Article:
I need to confess something. I mean, besides the fact that I totally missed getting a blog out to you all last month. This is far, far worse. It is this: one time, in fifth grade, my friend Ricky and I peed on his cousin. Yes. You read that correctly. When I was in fifth grade in Connersville Indiana, Ricky and I decided to relieve ourselves of the burden of his seven-year-old cousin, by relieving ourselves, on him.
It was a very scarce and revered thing in central Indiana to have a snow day, and we had been blessed with only a single one that year. I had just moved there from my hometown of Steamboat Springs, Colorado to live with my dad, and to me this was absurd. I could not conceive of anyone missing school for something that was as common to me as snow. Snow, to a resident of Steamboat- started in October and lasted until May. Normal snow levels were somewhere between just over your head, and having to crawl out your second-story window to get to school. My parents actually have pictures of the latter somewhere, and stories of my mother walking off of a path to be enveloped in snow so deep that she couldn't do anything but stare at the sky for the three hours it took my father to get home. Ski-town USA, as it's also known, lies on the western slope of the Colorado Rockies, and because of this, gets dumped on by the first snowclouds to roll through a state that is known mostly for its snow. Utah may print "Greatest Snow on Earth" on its license plates, but it is not true. It is only some middle-child, politics they have to throw out because no one on earth thinks of Utah over Colorado for skiing. Not to pick on Utah, but the prevalent thought in the state, until fairly recently, was that the brown color of Africans, came not just from having larger molecules of melanin than their mutant European cousins. Rather, it was the "Mark of Cain". This belief was widely held until the purchase of an NBA team for Salt Lake City in 1979. Thank you Karl Malone, for doing your part to topple racism. No one thinks of jazz when they think of your state, and we wouldn't even be aware that you had ski areas... unless you put it on your license plates.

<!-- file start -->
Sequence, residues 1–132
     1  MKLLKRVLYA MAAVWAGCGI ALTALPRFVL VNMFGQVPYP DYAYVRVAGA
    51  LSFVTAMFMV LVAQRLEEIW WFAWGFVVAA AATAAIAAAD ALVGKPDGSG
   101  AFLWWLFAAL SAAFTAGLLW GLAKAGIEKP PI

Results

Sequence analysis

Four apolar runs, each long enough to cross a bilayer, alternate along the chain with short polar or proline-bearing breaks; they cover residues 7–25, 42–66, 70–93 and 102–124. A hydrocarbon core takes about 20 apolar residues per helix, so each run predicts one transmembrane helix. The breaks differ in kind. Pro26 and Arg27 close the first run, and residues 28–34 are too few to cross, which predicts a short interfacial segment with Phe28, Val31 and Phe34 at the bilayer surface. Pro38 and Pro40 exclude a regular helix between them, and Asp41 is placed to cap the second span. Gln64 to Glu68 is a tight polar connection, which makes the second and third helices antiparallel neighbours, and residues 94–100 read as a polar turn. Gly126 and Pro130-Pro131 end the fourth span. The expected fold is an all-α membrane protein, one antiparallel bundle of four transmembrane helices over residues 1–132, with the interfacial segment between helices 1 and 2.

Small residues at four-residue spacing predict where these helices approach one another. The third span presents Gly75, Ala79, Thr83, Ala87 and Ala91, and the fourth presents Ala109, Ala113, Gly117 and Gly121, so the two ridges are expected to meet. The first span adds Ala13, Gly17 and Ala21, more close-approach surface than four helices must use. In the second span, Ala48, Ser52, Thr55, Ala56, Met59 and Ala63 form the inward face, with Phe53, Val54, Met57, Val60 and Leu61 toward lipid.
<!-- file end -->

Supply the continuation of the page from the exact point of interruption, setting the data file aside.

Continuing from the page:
So... Indiana. The concept of missing a day of school for a paltry two inches of snow, was to me, like someone had just filled our house with candy. It was snow. Not like home, but who cares when you get a day off of school.
The day started out good enough. I had called Ricky after finding out the unbelievable had come true, and decided to head across the gigantic graveyard which separated our two houses for some major Lego playing. Ricky's father had not only purchased for him an unbelievable amount of space Legos, but he had helped him construct a very elaborate moon base out of some leftover styrofoam packaging for them to be maneuvered upon. It was incredible. It seriously took up an entire card table in their living room. His family actually just let it stay there for the better half of a year, spanning the length between Christmas 1983 until the summer of 1984. In contrast, my father would have only constructed an immeasurable amount of profanities, each and every time he stepped on or found a scattered Lego piece straying from its habitat. Ricky's parents had allowed the unthinkable, so any chance I could profit from this by playing at his house, I did.
These plans were soon thwarted by the fact that it was also a snow day for the rest of our school, and this meant we were somehow saddled with the burden of watching over Ricky's seven-year-old cousin. Not because he didn't have parents, or many grown-ups to take care of him- because he did, but, I think, this was because he was annoying. This kid had problems. He was like the mutant offspring of Ann Coulter and one of the Kardashians. Everything that came out of this kid was either groundbreaking for its level of irksomeness, or just outright crying. He was killing our fun. This kid had trained hard at the Cobra Kai dojo of intense annoyingness, and he was sweeping the leg on our snow day.
The Lego playing went something like this:
Me- "Hey, Ricky, where's that Lego guy I was just playing with?"
Ricky- "Umm, in my cousin's mouth."
Me- "Oh, that must be why the pieces of this broken moon rover are wet."